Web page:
The recently published American Gastroenterological Association (AGA) guideline on therapeutic drug monitoring (TDM) in inflammatory bowel disease (IBD) provides important and useful perspectives for individuals caring for and managing individuals with IBD and also for researchers focusing on this area (1). The guideline reviews key aspects of the roles that TDM increasingly has in the management of individuals with IBD and highlights key concepts. It also illustrates that many of these areas are supported by scanty evidence. Consequently, this also serves to prompt further study that might expand the evidence base accordingly.
The management of IBD in children and adults includes the achievement of prompt diagnosis along with focused and targeted therapeutic interventions. Disease monitoring and assessment of disease activity are required to ensure the success of therapies. The advent of more specific and less invasive biomarkers of inflammation, such measurement of faecal calprotectin, has provided opportunities to monitor disease closely and as frequently as indicated (2). The last 2 decades have seen numerous advances in the therapeutic approaches to the management of IBD, driven in part by the arrival of a number of new therapeutic agents, especially the biologic drugs infliximab and adalimumab (3). Alongside these developments has been an increasing desire to utilise standard therapies better and more effectively. Furthermore, there is increasing emphasis upon clear treatment goals: moving beyond clinical remission and resolution of symptoms to mucosal healing (MH). It is clear that the establishment of MH enables one to modify the course of the disease, whilst reducing the risks of hospitalisation, surgery and disease exacerbations (4,5).
Paramount in the desire to utilise therapeutic agents effectively has been the recognition that monitoring of drug levels (or other indicators) may enable smarter and safer use of drugs. This is especially relevant for the thiopurines and the biologic drugs, but also for other medical therapies such as methotrexate or tacrolimus (not covered further here). It may also prove to be important in the way other biologic drugs are utilised in the future (but there are not yet data available).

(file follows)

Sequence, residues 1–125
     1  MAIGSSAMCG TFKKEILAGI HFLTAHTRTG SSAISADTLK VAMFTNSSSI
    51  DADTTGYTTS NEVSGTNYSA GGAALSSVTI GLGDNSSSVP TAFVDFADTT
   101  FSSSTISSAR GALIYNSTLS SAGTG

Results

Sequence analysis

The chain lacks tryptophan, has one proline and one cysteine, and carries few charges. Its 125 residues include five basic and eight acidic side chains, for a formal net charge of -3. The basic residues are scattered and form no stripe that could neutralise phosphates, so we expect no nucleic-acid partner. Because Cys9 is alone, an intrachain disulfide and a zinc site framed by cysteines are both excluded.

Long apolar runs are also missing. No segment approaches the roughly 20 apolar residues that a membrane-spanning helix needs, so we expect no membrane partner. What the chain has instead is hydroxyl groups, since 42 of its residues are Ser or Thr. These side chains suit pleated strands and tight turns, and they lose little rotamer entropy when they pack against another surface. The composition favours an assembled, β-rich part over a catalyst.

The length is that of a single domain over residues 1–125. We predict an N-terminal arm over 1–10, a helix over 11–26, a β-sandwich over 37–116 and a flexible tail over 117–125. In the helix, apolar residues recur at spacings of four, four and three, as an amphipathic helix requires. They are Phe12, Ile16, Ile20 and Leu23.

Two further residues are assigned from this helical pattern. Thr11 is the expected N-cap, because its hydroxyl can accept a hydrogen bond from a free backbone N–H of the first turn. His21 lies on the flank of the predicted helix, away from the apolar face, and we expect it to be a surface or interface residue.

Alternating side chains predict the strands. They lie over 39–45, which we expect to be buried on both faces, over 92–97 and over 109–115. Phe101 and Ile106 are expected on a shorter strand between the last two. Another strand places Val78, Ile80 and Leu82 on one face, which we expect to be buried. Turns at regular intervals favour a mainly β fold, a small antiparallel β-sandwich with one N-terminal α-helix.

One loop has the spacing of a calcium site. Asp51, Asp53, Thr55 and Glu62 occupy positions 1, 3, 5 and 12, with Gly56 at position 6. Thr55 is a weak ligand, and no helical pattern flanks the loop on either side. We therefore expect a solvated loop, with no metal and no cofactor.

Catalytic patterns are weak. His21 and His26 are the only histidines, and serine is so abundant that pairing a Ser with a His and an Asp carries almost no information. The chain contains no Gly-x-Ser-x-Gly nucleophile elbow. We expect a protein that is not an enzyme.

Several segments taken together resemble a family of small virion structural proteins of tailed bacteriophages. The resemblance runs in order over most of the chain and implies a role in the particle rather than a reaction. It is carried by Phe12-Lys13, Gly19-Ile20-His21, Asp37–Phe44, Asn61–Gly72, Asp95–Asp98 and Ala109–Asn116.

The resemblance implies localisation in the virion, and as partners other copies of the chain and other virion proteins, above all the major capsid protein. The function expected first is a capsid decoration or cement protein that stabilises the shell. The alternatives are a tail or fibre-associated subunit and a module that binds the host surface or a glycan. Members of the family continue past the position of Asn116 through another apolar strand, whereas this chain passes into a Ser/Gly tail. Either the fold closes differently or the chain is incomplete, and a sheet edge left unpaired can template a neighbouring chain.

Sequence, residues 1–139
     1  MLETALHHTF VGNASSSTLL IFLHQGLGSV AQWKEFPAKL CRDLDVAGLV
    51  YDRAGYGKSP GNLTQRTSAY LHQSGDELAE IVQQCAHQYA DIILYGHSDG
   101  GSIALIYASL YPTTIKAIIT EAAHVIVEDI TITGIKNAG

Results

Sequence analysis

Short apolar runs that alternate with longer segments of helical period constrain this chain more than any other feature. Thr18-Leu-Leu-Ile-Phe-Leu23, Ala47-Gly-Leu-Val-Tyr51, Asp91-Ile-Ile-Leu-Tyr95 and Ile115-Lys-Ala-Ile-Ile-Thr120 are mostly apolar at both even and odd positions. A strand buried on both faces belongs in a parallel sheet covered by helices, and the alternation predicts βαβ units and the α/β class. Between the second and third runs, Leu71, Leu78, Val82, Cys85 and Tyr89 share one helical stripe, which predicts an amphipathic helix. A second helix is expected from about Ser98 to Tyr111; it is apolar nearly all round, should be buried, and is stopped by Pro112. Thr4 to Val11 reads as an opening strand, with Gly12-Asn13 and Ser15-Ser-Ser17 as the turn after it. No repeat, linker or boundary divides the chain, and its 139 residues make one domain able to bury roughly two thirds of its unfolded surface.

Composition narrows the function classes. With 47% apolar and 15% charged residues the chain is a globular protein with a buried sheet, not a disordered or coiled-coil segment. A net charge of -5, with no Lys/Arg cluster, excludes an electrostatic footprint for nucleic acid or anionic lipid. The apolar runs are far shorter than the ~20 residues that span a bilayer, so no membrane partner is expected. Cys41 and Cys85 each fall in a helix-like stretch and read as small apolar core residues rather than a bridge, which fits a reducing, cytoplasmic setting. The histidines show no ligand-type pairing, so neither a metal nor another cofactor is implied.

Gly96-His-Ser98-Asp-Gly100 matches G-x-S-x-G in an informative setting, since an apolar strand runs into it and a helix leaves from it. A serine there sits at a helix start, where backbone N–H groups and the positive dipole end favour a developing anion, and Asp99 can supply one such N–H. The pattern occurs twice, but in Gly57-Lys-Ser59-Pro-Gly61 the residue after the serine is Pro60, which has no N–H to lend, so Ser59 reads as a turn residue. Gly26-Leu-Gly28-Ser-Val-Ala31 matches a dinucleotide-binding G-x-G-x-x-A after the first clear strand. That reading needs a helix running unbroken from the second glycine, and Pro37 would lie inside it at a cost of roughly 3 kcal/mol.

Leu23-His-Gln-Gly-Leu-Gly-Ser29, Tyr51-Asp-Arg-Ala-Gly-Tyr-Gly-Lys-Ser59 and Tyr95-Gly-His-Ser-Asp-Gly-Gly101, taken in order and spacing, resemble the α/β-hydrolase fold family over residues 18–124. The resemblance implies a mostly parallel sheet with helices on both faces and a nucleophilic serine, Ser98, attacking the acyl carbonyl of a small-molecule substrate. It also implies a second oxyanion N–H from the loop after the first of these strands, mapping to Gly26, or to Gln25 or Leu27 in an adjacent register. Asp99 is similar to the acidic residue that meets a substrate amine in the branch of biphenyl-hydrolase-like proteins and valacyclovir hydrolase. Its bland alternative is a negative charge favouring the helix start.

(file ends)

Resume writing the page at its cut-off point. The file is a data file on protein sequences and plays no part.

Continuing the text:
The thiopurines, azathioprine and 6-mercaptopurine, are typically used as long-term maintenance drugs to maintain remission. The metabolism of these agents is now well-documented (6). Along with assessment of the thiopurine methyl transferase activity, which enables more individualised initial dosing, measurement of two metabolites permits customisation of the dosage. These metabolites are 6-thioguanine nucleotide (TGN) and 6-methyl-mercaptopurine (MMP). Optimization of 6-TGN levels to the therapeutic range of 235–450 pmol/8×108 red blood cells is associated with remission (7). Furthermore, low levels suggest insufficient drug dosage or indicate non-adherence and high levels are associated with increased risk of bone marrow suppression. In contrast, measurement of 6-MMP levels does not guide efficacy, but can assist in avoidance of adverse effects. Very high levels of this metabolite (>6,000 pmol/8×108 red blood cells) are associated with increased risk of hepatotoxicity. In addition, a high 6-MMP in conjunction with low 6-TGN suggests shunting—this would prompt a therapeutic change with the additional of allopurinol. TDM in the case of thiopurines, therefore, can enhance drug efficacy, whilst potentially limiting adverse effects.
In the context of the biologic drugs infliximab and adalimumab, TDM focuses upon drug levels and anti-drug antibody levels. Adequate levels of the active drug are required to achieve therapeutic response: namely suppression of tumour necrosis factor (TNF)-α activity. Antidrug antibody (ADA) levels (which can be observed in drug-naïve individuals, but typically develop after dosing has been commencing), can interfere with the therapeutic activity of the agent, by binding to the active antibody thereby preventing it’s expected activity. The development of ADA may be more pronounced in individuals with low drug levels, variable drug levels (as seen with periodic dosing of infliximab) and in those who have received the drug for longer periods of the time (thereby contributing to secondary loss of response).